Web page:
January 30, 2014 § 14 Comments
‘I’ve been thinking about beginnings this week; beginnings and endings’.
The first line hooks me in, and I read to the end without stopping. Now I want more. Evocative, vibrant, raw expression.
Siobhan is new to writing, new to blogging. I want to encourage her, want you to read her stuff and let her know you like it. Please read on…
I’ve been thinking about beginnings this week; beginnings and endings. Autumn is always when the largest proportion of people die, I have discovered, but this autumn a lot of my friends got married or engaged. All in places far away… Canada, Australia, the United States. The deaths didn’t come this year. It unsettles me. I think I’m thinking about it because it’s getting close to February. I found out that my fiancé (now ex, obviously) had potentially terminal cancer in February a few years ago. Going back six years, it’s also the month that my grandfather died. I was heartbroken.
The death of my grandfather is something that I’ve never talked about that much, mainly because the last time I saw him I was seven years old. He looks like me. I look like him… I had bright white hair when I was a child. (There’s a photo of me somewhere…
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December 3, 2013 § 6 Comments
‘I travelled the old road every day, I took my fruits to the market,
my cattle to the meadows, I ferried my boat across the stream and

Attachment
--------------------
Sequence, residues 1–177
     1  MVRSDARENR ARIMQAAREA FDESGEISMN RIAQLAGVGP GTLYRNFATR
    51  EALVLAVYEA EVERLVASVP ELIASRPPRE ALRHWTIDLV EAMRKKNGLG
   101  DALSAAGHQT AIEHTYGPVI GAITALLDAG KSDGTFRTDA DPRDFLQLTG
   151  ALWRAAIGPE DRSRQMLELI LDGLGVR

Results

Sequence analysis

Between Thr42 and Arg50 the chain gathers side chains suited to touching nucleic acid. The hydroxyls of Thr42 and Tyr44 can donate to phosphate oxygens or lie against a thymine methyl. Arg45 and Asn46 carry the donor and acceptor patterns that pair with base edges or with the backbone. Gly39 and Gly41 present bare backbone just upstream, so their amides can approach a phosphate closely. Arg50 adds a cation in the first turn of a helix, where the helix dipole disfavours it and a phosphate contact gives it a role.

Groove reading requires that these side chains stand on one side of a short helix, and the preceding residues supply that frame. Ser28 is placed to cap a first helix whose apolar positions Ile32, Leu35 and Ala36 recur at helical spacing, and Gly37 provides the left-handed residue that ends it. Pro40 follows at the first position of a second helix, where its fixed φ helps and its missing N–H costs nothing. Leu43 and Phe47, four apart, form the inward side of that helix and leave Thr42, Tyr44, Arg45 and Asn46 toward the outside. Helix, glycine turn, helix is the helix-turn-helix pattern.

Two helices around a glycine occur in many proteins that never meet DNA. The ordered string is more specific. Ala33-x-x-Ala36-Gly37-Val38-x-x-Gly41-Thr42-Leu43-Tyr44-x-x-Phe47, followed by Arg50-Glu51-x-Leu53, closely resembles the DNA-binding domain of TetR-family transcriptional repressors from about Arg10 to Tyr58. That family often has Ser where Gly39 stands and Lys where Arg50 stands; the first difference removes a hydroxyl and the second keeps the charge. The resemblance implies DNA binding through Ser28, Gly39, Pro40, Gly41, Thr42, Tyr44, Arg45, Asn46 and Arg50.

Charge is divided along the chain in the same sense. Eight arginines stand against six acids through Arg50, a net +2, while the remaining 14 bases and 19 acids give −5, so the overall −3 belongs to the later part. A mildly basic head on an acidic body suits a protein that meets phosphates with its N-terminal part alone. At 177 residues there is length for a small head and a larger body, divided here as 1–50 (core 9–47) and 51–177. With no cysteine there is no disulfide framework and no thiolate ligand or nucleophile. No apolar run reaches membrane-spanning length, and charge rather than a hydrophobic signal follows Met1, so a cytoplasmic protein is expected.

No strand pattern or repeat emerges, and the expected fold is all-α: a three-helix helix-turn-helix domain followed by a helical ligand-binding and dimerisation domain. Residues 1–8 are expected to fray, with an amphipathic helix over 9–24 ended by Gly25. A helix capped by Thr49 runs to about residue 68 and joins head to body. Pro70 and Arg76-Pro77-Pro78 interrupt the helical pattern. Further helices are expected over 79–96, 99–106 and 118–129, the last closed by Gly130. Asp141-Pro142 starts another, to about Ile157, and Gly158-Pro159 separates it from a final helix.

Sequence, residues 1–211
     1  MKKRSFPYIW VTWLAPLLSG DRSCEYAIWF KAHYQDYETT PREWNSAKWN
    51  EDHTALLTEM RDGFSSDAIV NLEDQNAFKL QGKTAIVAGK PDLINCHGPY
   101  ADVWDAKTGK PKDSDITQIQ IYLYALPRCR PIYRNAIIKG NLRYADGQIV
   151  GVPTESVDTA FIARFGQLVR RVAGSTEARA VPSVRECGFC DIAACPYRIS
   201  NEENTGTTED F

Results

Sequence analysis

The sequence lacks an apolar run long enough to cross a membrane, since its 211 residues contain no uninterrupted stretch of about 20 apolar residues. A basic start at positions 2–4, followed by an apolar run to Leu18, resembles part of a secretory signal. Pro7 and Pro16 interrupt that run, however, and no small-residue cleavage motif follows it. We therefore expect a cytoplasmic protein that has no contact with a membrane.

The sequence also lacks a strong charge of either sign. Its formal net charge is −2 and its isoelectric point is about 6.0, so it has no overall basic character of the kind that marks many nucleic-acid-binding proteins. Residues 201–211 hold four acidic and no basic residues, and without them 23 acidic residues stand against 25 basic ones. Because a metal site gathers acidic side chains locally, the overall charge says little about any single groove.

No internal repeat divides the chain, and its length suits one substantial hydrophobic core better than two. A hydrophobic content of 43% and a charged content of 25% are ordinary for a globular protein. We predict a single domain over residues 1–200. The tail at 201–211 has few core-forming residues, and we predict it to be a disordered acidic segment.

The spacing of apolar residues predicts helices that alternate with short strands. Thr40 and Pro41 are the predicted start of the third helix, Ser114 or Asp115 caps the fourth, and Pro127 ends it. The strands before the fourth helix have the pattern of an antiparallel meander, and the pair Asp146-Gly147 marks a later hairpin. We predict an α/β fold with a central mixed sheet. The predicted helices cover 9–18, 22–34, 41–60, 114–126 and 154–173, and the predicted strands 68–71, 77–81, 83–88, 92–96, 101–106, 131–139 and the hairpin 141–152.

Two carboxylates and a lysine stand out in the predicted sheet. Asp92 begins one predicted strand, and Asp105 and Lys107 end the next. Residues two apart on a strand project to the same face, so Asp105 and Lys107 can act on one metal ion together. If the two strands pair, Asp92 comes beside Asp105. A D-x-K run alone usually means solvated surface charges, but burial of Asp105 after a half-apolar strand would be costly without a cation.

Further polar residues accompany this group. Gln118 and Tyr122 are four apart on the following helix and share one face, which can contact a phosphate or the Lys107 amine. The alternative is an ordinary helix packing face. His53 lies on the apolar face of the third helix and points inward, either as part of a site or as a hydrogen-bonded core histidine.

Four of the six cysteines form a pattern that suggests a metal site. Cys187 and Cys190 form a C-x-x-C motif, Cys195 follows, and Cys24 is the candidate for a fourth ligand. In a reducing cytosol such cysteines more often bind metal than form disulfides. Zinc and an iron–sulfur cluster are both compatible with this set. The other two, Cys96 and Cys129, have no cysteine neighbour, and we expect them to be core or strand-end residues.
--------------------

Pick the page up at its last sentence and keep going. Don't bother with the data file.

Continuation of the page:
all the ways were well known to me.
One morning my basket was heavy with wares. Men were busy in
the fields, the pastures crowded with cattle; the breast of earth
heaved with the mirth of ripening rice.
Suddenly there was a tremor in the air, and the sky seemed to
kiss me on my forehead. My mind started up like the morning out of
I forgot to follow the track. I stepped a few paces from the
path, and my familiar world appeared strange to me, like a flower
I had only known in bud.
My everyday wisdom was ashamed. I went astray in the fairyland
of things. It was the best luck of my life that I lost my path that
morning, and found my eternal childhood.
December 1, 2013 § 2 Comments
November 24, 2013 § 6 Comments
A short story…can be held in the mind all in one piece. It’s less like a building than a fiendish device. Every bit of it must be cunningly made and crafted to fit together perfectly and without waste so it can perform its task with absolute precision. That purpose might be to move the reader to tears or wonder, to awaken the conscience, to console, to gladden, or to enlighten. But each short story has one chief purpose, and every sentence, phrase, and word is crafted to achieve that end. The ideal short story is like a knife–strongly made, well balanced, and with an absolute minimum of moving parts.
– Michael Swanwick
November 17, 2013 § 15 Comments
I’ve been blogging for about eight weeks now. And now I have my first award!
An ex boyfriend had a t-shirt I rather liked. It said:
Join The Army
Travel The World
Meet Lots of Interesting People
And Kill Them
The middle lines are happening, and the first and last amuse in a perverse kind of way. I have ‘met’ some wonderful, kind, talented and inspiring people on the blog, and many of them, for however short a time, are now in my life. One of them is the Author Miranda Stone. Thank you for your support, Miranda, and for nominating me. Check out her amazing blog.